- Short genome report
- Open Access
Draft genome sequence of Arthrobacter sp. strain B6 isolated from the high-arsenic sediments in Datong Basin, China
Standards in Genomic Sciences volume 12, Article number: 11 (2017)
Arthrobacter sp. B6 is a Gram-positive, non-motile, facultative aerobic bacterium, isolated from the arsenic-contaminated aquifer sediment in the Datong basin, China. This strain displays high resistance to arsenic, and can dynamically transform arsenic under aerobic condition. Here, we described the high quality draft genome sequence, annotations and the features of Arthrobacter sp. B6. The G + C content of the genome is 64.67%. This strain has a genome size of 4,663,437 bp; the genome is arranged in 8 scaffolds that contain 25 contigs. From the sequences, 3956 protein-coding genes, 264 pseudo genes and 89 tRNA/rRNA-encoding genes were identified. The genome analysis of this strain helps to better understand the mechanism by which the microbe efficiently tolerates arsenic in the arsenic-contaminated environment.
The genus Arthrobacter was first proposed in 1947 by Conn and Dimmick , belongs to the family of Micrococcaceae in the class of Actinobacteria . Recently, based on the intrageneric phylogeny and chemotaxonomic characteristics, the description of the genus Arthrobacter sensu lato was emended by Busse, and the genus Arthrobacter sensu stricto was restricted to A. globiformis , A. pascens , A. oryzae and A. humicola . Due to their nutritional versatility and tolerance to various environmental stressors [3,4,5,6,7], Arthrobacter species are widely present in soils and the environments contaminated with chemicals and heavy metal [8,9,10,11,12,13], as well as extreme environments, such as Antarctic and radioactive sediments [14, 15].
Arthrobacter sp. B6 was isolated from an arsenic-contaminated sediment sample collected from the Datong Basin, China, where the uses of high arsenic groundwater for drinking and irrigation have resulted in endemic arsenic poisoning among tens of thousands of residents . Strain B6 is of particular interest because it showed high level of resistance to arsenic and can dynamically transform arsenic under aerobic condition. Here, we presented a summary of the taxonomic characterization of Arthrobacter sp. B6 and its main genomic features. These data help to better understand the microbial detoxification mechanism for arsenic, and are useful for the comparisons of the genomic and physiological features between this isolate and other Arthrobacter species.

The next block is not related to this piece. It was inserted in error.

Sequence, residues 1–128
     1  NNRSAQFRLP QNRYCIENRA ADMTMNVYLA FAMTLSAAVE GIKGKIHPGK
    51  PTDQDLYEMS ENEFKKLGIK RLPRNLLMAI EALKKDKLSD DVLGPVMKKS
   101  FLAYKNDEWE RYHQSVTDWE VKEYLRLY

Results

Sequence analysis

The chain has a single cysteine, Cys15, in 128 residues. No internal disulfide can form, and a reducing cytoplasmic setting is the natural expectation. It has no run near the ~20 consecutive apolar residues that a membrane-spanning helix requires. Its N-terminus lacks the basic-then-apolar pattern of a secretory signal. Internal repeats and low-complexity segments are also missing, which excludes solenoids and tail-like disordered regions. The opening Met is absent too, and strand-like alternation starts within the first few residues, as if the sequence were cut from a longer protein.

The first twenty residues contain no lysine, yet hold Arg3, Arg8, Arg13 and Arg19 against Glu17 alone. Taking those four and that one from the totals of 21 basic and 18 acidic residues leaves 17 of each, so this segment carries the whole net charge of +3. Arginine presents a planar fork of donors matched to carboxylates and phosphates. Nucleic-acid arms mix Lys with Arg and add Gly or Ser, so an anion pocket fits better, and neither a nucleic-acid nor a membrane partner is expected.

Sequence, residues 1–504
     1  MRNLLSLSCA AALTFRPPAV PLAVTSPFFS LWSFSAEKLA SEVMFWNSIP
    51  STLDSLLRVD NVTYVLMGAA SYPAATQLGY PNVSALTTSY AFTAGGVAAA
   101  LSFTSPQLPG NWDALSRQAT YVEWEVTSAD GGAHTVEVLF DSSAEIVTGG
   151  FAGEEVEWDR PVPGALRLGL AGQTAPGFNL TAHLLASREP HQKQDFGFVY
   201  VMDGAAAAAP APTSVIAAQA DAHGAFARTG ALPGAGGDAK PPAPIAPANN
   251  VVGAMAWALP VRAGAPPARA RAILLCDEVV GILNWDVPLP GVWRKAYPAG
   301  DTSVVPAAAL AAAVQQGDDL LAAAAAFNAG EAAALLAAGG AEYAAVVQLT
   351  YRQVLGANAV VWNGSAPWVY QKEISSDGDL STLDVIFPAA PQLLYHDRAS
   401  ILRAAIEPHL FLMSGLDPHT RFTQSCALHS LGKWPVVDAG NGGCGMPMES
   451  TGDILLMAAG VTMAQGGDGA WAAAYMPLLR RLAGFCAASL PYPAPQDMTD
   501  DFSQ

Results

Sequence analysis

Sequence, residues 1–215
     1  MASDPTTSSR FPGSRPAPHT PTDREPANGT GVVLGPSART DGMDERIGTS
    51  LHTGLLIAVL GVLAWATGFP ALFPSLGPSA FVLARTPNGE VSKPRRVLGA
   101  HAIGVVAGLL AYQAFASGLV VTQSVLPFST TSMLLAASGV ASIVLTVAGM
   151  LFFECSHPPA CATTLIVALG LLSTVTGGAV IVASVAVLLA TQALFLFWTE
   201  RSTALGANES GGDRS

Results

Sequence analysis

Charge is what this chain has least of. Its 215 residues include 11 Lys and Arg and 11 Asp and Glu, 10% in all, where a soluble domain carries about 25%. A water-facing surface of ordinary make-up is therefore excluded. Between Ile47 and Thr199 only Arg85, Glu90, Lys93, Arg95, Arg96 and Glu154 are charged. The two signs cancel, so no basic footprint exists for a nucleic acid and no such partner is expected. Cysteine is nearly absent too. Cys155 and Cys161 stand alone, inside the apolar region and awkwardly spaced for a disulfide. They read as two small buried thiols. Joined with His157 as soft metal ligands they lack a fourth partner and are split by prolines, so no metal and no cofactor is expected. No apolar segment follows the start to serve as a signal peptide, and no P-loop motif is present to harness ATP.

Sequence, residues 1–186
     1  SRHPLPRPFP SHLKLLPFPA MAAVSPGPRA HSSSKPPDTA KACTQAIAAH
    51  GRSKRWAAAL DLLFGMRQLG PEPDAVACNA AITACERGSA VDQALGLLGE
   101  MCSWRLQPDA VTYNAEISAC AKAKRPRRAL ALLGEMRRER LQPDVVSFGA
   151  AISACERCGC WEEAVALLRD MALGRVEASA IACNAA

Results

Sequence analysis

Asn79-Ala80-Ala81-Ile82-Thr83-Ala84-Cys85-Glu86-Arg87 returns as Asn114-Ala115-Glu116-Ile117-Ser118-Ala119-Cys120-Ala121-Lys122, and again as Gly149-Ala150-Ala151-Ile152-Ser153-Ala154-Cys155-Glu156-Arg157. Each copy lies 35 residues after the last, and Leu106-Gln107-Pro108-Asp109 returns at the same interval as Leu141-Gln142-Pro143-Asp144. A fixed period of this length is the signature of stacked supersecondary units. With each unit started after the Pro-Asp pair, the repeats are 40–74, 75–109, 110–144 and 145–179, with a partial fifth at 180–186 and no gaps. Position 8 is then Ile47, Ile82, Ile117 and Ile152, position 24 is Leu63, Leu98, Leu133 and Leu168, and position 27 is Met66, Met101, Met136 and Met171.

Classification and features
Arthrobacter sp. B6 is a Gram-positive, non-motile, facultative aerobic bacterium. Cells are straight or slightly curved rods during log phase of bacterial growth (Fig. 1) and become coccoid in stationary phase. The bacteria cells formed white colonies on 0.1× Trypticase Soy Broth agar plate. Colonies are convex and circular with entire margin. The strain can grow at a wide range of temperatures from 4 to 37 °C; the optimum is 30 °C. It can proliferate in a pH range of 6.0–8.5; the optimum is 7.0. The strain tolerates high concentrations of NaCl up to approximately 7% (Table 1). It is catalase- and oxidase-positive. It hydrolyzes starch and tyrosine, but not o-nitrophenyl-β-d-galactoside, gelatin, aesculin, chitin, casein or cellulose. It is negative for nitrate reduction, H2S production, citrate utilization, indole production, arginine dihydrolase and urease activity.
The strain utilizes dextrin, tween 40, D-fructose, gentiobiose, α-D-glucose, lactulose, maltotriose, D-mannose, D-mannitol, D-melezitose, palatinose, D-psicose, D-raffinose, L-rhamnose, D-ribose, D-sorbitol, sucrose, turanose, α- hydroxybutyric acid, α-ketoglutaric acid, L-malic acid, pyruvic acid, D-alanine, L-alanine, L-serine, glycerol, adenosine, 2-deoxy adenosine and inosine as tested using the Biolog GP2 microplate system. The major fatty acids of strain B6 are anteiso-C15:0 (56.58%), anteiso-C17:1ω9c (8.89%), anteiso-C17:0 (8.22%), iso-C15:0 (7.63%), iso-C16:0 (5.26%), sum in feature 3 (4.31%), summed feature 3 (containing C16:1ω6c and/or C16:1ω7c) (4.31%) and iso-C16:1 H (2.32%). These data suggested that the morphological and biochemical traits and fatty acid profile of B6 are consistent with those of other described species of the genus Arthrobacter .